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Penalties Imposed For Soldiers Who Get Pregnant

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Penalties Imposed For Soldiers Who Get Pregnant

Iraq

Penalties Imposed For Soldiers Who Get Pregnant

Penalties Imposed For Soldiers Who Get Pregnant

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A recent military policy implemented by an Army general commanding U.S. forces in northern Iraq, subjects soldiers to disciplinary actions for becoming pregnant, or impregnating a servicemember. Maj. Gen. Tony Cucolo already has disciplined four women and three men — among them — two married couples. Cucolo says a pregnant soldier who goes home weakens the unit.

LINDA WERTHEIMER, host:

A U.S. Army general in Northern Iraq is enforcing a new policy that's attracting attention: becoming pregnant or impregnating a soldier are now prohibited activities that can be grounds for disciplinary action. Major General Tony Cucolo has already disciplined four women and three men, among them two married couples.

NPR Pentagon correspondent Tom Bowman spoke with the general about the new rules, and he joins us now. Tom, give us some background. What was General Cucolo's reasoning for doing this?

TOM BOWMAN: Well, this all comes down to what the military calls readiness, making sure a soldier is ready to deploy, particularly to hotspots like Iraq or Afghanistan, and the problem of losing soldiers with critical skills. So, pregnancy now is up there with other prohibited behavior - drug and alcohol use, personal firearms use, gambling. And we talked to the general, and this is what he had to say about it:

Major General TONY CUCOLO (Commander, Northern Iraq): Anyone who leaves the fight early because they made a personal choice that changed their deployable status or contributes to doing that to another, I believe there should be consequences for making that personal choice.

WERTHEIMER: When he says leave the fight early, Tom, is he implying that some women soldiers might get pregnant to get out of war?

BOWMAN: Well, that kind of complaint has been around for years within the military, particularly among men who don't think women should be in the military. But Cucolo says the soldiers are there for 12-month deployment, and anyone who has to leave early - anyone, man or woman - creates a burden on the others. You might not get a replacement, so the other soldiers have to pick up the slack and do your job.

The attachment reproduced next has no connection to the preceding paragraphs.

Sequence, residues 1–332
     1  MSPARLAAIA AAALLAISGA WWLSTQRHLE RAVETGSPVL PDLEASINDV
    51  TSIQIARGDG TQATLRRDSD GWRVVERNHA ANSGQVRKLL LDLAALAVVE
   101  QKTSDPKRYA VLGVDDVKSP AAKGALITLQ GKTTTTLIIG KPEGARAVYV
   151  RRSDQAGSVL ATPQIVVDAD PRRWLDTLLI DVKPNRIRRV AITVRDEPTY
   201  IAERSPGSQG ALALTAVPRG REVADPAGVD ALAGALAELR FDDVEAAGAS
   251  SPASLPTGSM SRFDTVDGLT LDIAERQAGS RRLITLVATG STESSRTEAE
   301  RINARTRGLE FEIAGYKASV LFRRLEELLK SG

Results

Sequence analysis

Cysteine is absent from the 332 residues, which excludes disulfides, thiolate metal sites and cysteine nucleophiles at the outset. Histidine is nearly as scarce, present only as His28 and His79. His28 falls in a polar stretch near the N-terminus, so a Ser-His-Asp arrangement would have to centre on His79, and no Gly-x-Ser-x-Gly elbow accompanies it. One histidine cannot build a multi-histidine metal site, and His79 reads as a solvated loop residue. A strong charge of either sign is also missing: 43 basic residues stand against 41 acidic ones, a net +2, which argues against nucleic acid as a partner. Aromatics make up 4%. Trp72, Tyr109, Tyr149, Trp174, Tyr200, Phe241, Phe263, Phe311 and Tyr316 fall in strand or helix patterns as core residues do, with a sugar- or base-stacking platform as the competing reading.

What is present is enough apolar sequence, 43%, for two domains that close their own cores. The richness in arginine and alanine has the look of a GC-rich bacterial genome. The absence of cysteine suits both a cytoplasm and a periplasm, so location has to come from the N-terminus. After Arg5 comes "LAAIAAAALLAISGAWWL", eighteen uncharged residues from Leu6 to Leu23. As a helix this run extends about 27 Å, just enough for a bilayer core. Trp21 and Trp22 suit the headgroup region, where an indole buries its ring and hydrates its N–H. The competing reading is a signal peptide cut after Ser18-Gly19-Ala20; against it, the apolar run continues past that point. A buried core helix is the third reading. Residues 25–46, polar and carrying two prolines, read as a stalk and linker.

Now, Cucolo is commander in northern Iraq, really the most dangerous part of the country, so he said he needs all his soldiers. He has 22,000 soldiers under his command, and of that, 1,000 of them are women.

WERTHEIMER: So, what kind of punishment have these soldiers received?

BOWMAN: Well, the women, the four women received what's called local letters of reprimand. It's really an administrative punishment, sort of a slap on the wrist. And it's less harsh than an official letter of reprimand that would go into your permanent file and follow you throughout your career and could affect your promotion. The four women were sent back to Fort Stewart, Georgia, where their unit, the 3rd Infantry Division, is based.

Now, there were three men disciplined, since one of the women declined to say who the father was. And all three men stayed in northern Iraq, all but one got a local letter of reprimand. One got an official letter of reprimand, and here's what General Cucolo said about that.

Maj. Gen. CUCOLO: He impregnated a soldier, a woman not his wife, and he is married. So, that's adultery. That's punishable in the military. And he also is a non-commissioned officer and she was a junior soldier. So, that's fraternization.

WERTHEIMER: It sounds like this raises a number of sensitive legal and moral issues, of course - certainly issues of privacy. But for the Army to intervene in the private lives of married couples, that seems extraordinary.

BOWMAN: You know, it is extraordinary, but General Cucolo's lawyers have signed off on the policy. But it's also important to remember here that when you join the military, you give up certain basic rights, like free speech. You can be brought up in charges for criticizing the president or even the secretary of defense.

The general is going to have to sort out all sorts of ramifications of this policy. What happens in cases of miscarriage, abortion, or the case I mentioned where the woman did not name the father? So, she gets punished, but the father doesn't.

WERTHEIMER: General Cucolo was head of Army public affairs at the Pentagon, Tom, isn't that right? Presumably, he's savvy when it comes to controversy in the military. What are his superiors at the Pentagon saying about what he's doing?

BOWMAN: General Cucolo says he got support from his immediate superior. But the top general in the entire Army, General George Casey, visited him in northern Iraq, and Cucolo wouldn't say whether General Casey was supportive. General Cucolo told me, quote, "General Casey gave me great guidance and great professional development, but I'd like to leave it at that."

And then we contacted the Army to see what General Casey has to say about this policy. They haven't gotten back to us.

WERTHEIMER: NPR Pentagon correspondent Tom Bowman. Thank you, Tom.

BOWMAN: You're welcome.

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